We have always known that opening up the economy and society again - which we have to try to do for obvious reasons - gives the virus more opportunity to spread.
But the truth is that tackling this virus has always been - and by necessity always will be - a collective effort.
It needs government and citizens working together, and also it needs every single one of us as citizens to recognise our responsibilities to each other.
The best way of keeping the economy open, allowing life to retain some kind of normality and hopefully get more normality, in the months to come – without the virus running out of control – is to ensure that we all stick to the public health guidelines.
So I would ask everyone to think carefully about that, perhaps think about what matters most to you in your life. Is it seeing family members, is it playing football with your friends on a Saturday morning, going to the gym, seeing other people for a drink at the weekends.
All those things in our lives that we value, that we desperately want, either to maintain them, if we have been able to open up these opportunities recently and if we haven’t been able to open up, to do so. But all of that is put into jeopardy if the virus continues to spread and to spread more quickly. So we all need to think about our own behaviour.
I know how hard it must be to hear this after six months, and I certainly don’t take any pleasure in saying it after six months – but letting our guard down does allow the virus to spread. So if we all do the right things we minimise the opportunity that it has.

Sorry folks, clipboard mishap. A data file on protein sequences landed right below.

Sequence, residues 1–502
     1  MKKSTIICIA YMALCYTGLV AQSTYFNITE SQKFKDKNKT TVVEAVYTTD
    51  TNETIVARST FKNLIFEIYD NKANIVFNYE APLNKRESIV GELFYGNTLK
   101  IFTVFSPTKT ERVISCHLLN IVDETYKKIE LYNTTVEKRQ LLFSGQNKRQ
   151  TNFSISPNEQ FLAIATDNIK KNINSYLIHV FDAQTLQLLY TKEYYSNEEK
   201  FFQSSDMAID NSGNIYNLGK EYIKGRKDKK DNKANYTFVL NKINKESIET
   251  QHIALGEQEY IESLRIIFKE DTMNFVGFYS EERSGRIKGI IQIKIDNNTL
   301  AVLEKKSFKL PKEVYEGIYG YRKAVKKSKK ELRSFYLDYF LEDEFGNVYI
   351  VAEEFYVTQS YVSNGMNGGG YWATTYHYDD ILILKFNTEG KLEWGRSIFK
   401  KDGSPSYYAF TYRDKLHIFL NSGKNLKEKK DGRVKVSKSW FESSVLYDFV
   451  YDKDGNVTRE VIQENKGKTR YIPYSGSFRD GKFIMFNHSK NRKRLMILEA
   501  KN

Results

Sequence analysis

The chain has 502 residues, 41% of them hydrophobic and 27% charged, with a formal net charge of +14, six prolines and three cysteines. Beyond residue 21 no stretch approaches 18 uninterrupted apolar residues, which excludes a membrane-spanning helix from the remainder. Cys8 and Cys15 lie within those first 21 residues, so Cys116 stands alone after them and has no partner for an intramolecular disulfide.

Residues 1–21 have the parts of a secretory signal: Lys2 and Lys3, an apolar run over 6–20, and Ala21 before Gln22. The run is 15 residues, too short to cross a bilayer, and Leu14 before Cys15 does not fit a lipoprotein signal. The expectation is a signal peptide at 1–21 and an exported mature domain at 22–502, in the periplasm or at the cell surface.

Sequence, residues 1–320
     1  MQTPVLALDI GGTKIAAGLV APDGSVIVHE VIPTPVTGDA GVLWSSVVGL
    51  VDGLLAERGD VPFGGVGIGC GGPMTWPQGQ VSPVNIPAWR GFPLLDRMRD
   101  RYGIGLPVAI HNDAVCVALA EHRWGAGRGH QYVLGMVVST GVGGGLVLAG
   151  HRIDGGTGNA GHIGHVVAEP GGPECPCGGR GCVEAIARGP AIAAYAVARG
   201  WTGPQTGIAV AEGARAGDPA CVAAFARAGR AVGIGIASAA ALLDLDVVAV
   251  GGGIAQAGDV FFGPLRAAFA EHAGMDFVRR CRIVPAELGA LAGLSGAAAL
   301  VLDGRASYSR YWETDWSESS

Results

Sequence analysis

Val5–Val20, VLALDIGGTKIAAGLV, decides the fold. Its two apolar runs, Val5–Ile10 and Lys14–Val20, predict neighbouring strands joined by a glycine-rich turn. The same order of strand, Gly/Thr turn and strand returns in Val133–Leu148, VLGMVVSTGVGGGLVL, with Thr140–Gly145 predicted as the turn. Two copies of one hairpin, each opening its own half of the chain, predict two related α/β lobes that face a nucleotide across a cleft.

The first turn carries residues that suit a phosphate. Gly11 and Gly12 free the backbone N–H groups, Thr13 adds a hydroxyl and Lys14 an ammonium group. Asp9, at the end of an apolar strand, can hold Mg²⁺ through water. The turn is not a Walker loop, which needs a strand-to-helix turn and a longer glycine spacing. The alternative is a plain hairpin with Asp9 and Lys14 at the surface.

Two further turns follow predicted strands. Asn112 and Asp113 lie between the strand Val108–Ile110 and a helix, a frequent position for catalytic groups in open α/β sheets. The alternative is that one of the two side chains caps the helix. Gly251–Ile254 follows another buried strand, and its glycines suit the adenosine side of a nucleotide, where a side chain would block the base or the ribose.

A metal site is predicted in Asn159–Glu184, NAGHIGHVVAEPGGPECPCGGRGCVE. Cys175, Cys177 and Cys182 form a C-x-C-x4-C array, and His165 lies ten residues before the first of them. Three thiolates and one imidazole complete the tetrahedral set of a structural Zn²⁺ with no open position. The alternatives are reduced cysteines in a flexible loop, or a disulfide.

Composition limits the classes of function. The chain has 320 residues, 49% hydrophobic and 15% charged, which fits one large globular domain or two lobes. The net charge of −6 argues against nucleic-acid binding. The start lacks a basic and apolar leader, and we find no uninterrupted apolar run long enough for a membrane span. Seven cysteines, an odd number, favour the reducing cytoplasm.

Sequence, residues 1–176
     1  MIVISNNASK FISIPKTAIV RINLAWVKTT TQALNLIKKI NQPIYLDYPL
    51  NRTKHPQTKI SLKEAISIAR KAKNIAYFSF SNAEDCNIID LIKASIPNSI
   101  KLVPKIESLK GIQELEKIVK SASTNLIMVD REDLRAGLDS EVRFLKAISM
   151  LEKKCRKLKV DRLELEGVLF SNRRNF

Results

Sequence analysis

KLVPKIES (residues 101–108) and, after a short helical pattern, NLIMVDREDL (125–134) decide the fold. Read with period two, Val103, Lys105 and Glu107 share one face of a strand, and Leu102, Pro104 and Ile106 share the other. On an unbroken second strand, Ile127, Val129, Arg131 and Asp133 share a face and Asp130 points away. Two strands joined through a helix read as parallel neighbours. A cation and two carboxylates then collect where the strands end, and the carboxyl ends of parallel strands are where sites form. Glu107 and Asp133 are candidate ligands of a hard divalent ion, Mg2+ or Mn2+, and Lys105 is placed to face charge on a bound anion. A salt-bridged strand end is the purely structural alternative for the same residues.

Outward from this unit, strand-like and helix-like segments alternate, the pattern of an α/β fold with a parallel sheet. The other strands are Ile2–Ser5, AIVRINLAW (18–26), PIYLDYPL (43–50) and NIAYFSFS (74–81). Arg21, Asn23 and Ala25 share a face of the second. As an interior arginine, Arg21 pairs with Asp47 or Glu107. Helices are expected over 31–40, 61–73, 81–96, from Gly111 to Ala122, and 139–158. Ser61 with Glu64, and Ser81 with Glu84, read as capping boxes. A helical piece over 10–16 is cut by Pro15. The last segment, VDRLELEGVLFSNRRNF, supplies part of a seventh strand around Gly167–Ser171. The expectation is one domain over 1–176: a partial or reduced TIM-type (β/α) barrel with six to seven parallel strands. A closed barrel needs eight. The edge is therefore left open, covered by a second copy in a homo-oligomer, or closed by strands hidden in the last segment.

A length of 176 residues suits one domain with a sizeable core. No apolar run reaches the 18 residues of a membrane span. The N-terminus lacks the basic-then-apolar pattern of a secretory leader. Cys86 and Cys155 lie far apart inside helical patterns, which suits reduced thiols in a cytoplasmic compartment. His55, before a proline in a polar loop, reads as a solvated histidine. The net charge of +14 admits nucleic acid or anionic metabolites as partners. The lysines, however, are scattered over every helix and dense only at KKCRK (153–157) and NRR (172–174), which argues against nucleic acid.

Of course, it’s possible for all of us to do all the right things and still get COVID - this is an infectious virus. But it’s much, much less likely that we will get it - or pass it on to others - if we follow all of the advice.
And that means above all, remembering and abiding by FACTS, the five rules that help all of protect ourselves, protect our families, communities and protect the NHS - and ultimately of course, let’s not lose sight of this, save lives. So let me end with a reminder of FACTS.
• Face coverings should be worn in enclosed spaces
• Avoid crowded places.
• Clean your hands regularly and hard surfaces that you’re touching as well.
• keep to Two metre distancing as we know that that matters to reduce the transmission opportunity of COVID.
• and Self isolate, and book a test if you have symptoms.
None of that is easy, none of it gets easier as time passes but it remains necessary to try to keep this virus under control as we continue, we hope to take further steps back to normal life.
So thank you very much for listening today.